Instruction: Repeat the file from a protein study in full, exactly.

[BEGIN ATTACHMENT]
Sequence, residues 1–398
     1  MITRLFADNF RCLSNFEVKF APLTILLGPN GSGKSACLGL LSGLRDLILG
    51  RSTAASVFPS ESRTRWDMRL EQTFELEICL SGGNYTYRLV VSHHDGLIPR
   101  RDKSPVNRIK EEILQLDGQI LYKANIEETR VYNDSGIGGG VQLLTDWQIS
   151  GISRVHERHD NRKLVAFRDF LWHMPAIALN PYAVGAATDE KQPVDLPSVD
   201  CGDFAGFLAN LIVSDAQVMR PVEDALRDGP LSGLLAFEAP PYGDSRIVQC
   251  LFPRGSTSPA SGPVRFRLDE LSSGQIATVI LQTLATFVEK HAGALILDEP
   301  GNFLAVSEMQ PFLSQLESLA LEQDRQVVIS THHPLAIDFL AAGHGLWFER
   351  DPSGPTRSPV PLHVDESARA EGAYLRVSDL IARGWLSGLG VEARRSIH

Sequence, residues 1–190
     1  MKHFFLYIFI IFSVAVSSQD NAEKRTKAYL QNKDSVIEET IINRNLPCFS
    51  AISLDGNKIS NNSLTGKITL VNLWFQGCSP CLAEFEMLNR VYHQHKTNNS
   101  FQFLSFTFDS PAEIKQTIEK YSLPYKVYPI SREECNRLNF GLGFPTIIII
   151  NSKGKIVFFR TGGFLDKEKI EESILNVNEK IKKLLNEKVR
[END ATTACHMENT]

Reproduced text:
Sequence, residues 1–398
     1  MITRLFADNF RCLSNFEVKF APLTILLGPN GSGKSACLGL LSGLRDLILG
    51  RSTAASVFPS ESRTRWDMRL EQTFELEICL SGGNYTYRLV VSHHDGLIPR
   101  RDKSPVNRIK EEILQLDGQI LYKANIEETR VYNDSGIGGG VQLLTDWQIS
   151  GISRVHERHD NRKLVAFRDF LWHMPAIALN PYAVGAATDE KQPVDLPSVD
   201  CGDFAGFLAN LIVSDAQVMR PVEDALRDGP LSGLLAFEAP PYGDSRIVQC
   251  LFPRGSTSPA SGPVRFRLDE LSSGQIATVI LQTLATFVEK HAGALILDEP
   301  GNFLAVSEMQ PFLSQLESLA LEQDRQVVIS THHPLAIDFL AAGHGLWFER
   351  DPSGPTRSPV PLHVDESARA EGAYLRVSDL IARGWLSGLG VEARRSIH

Sequence, residues 1–190
     1  MKHFFLYIFI IFSVAVSSQD NAEKRTKAYL QNKDSVIEET IINRNLPCFS
    51  AISLDGNKIS NNSLTGKITL VNLWFQGCSP CLAEFEMLNR VYHQHKTNNS
   101  FQFLSFTFDS PAEIKQTIEK YSLPYKVYPI SREECNRLNF GLGFPTIIII
   151  NSKGKIVFFR TGGFLDKEKI EESILNVNEK IKKLLNEKVR